Bronson

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Old 07-01-2008, 03:48 PM   #41
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Re: Do you test like this?

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Pauliina Lievonen wrote: View Post
I've been to a couple dan tests where all the yudansha present were asked to sit around the mat during the test and to join the teachers (two or three of them) who formed the actual testing panel for discussion afterwards.
When my Sensei conducts testing all yudansha are asked to grade the test. We are not part of the testing board but what we do is compare how we graded the test with how the people on the board graded the test. We get to ask them questions and determine why they scored it as they did. This is all in an effort to teach us what to look for and how to grade tests.

Bronson

"A pacifist is not really a pacifist if he is unable to make a choice between violence and non-violence. A true pacifist is able to kill or maim in the blink of an eye, but at the moment of impending destruction of the enemy he chooses non-violence."
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Old 07-04-2008, 09:57 AM   #42
Jonathan
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Re: Do you test like this?

Quote:
I would have to disagree. At some point the student is responsible for learning and performing. A teacher can't make a student learn and a teacher can't make a student perform well on any given day. I have seen people fail tests who were very capable of doing everything required for the grading. They just, for whatever reasons, didn't perform at the expected level on that day. I fail to see how this would be the instructor's fault. The instructor can provide the knowledge, training, and motivation but the student ultimately is the one who must provide an acceptable performance during the test.
You may, or may not, have noticed that I didn't say that a student's poor testing was solely the instructor's fault. I recognize, of course, that the student bears responsibility, too, for his/her successes and failures. What proportion, exactly, you and I might not agree on, but I do agree that the student is "the one who must provide an acceptable performance during the test." Actually, this seems rather obvious to me...

I have seen quite a number of students taking a test for which they were woefully under-prepared. They were confused about terms, beginning stances (ai or gyaku hanmi), and fumbled badly through the performance of techniques. You can't hide a lack of reps; there is a quality of movement that comes only by repetition. Even if a student is having a bad day, you can tell if they put in the reps necessary to be testing. Most of the students I have seen flubbing tests did not evidence such quality of movement. In these instances, I believe the teacher, not the student, is to blame for the student's bad performance. They should not have been allowed to test until the stamp of sufficient repetitions had impressed itself upon their movements. This is the responsibility of the teacher, not the student, to judge.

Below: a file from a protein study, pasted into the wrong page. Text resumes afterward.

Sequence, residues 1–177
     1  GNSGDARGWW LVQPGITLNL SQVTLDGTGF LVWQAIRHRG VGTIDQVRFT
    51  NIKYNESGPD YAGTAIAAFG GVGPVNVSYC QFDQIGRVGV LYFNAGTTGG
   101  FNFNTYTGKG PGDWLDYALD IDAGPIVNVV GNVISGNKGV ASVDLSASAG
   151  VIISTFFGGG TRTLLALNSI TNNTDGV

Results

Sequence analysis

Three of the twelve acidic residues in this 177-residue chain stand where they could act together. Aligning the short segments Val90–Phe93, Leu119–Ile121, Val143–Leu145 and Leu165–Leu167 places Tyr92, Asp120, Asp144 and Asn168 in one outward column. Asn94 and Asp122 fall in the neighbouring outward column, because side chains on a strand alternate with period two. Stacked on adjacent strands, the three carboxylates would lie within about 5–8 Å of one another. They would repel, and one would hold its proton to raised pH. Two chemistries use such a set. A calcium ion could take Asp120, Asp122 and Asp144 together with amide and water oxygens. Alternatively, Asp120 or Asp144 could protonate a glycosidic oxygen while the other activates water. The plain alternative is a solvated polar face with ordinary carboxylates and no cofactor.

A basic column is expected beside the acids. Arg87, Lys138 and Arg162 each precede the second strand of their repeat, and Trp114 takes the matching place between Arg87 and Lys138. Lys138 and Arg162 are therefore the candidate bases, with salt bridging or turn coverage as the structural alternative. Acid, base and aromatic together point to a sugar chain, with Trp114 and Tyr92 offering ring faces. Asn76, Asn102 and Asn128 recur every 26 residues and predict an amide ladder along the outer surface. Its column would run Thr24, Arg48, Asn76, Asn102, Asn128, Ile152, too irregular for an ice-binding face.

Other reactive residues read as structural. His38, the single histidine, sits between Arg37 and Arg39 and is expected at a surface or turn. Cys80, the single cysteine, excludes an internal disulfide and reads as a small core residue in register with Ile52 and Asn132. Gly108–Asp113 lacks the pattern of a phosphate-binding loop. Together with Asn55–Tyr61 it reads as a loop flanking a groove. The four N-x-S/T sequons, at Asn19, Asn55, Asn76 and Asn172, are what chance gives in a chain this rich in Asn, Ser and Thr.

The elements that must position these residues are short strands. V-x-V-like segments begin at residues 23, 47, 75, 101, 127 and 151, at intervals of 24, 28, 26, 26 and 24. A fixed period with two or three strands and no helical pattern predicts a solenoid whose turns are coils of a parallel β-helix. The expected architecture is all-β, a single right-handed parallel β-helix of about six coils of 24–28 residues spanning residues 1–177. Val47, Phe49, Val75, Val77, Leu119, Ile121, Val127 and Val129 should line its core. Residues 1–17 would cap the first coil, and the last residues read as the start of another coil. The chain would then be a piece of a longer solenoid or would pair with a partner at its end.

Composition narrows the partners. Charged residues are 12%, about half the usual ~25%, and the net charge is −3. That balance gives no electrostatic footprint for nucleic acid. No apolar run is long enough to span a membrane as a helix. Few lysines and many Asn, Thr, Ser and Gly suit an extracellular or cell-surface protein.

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Old 07-15-2008, 05:23 PM   #43
Amassus
 
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Re: Do you test like this?

Greetings all.

I'm replying to this thread as a member of an independent aikido club. I am very aware of my own club's limitations and standards for testing compared with other groups who are affiliated to a larger organization.

The grading panel at the club usually consists of the head instructor and two or three other yudansha. During the test, the head instructor will call out techniques but may also ask other members of the panel if there is anything they would like to see that has not yet been shown. For yudansha, freestyle situations are asked for.

A person who is asked to test is almost guarenteed to pass as the instructor 'invites' the student to take the test knowing the student is capable. He wants to see the student perform under pressure of the testing environment. I know of only one student my instructor has failed in this manner. The student was failed not on technique but on attitude and the treatment of his uke.

We train in a Judo dojo that also supports a third japanese budo so the atmosphere is pleasant, appropriate to the art and the formality is there with the underlying intimacy of student/teacher relationships.

How does it compare to other clubs? Well, by attending seminars run by the bigger organizations I am proud to say that our 'quality control' is in place and on par with what I have seen out there.

Just a few thoughts.

"flows like water, reflects like a mirror, and responds like an echo." Chaung-tse
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Old 07-19-2008, 01:16 PM   #44
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Re: Do you test like this?

It was intimidating enough with 3 people watching me...but a whole panel.

We had a 4th, 3rd, and 1st dan for our testing.
But Im sure for higher ranks it gets more, at least by the looks of it... guess I will find out one day.

Peace

dAlen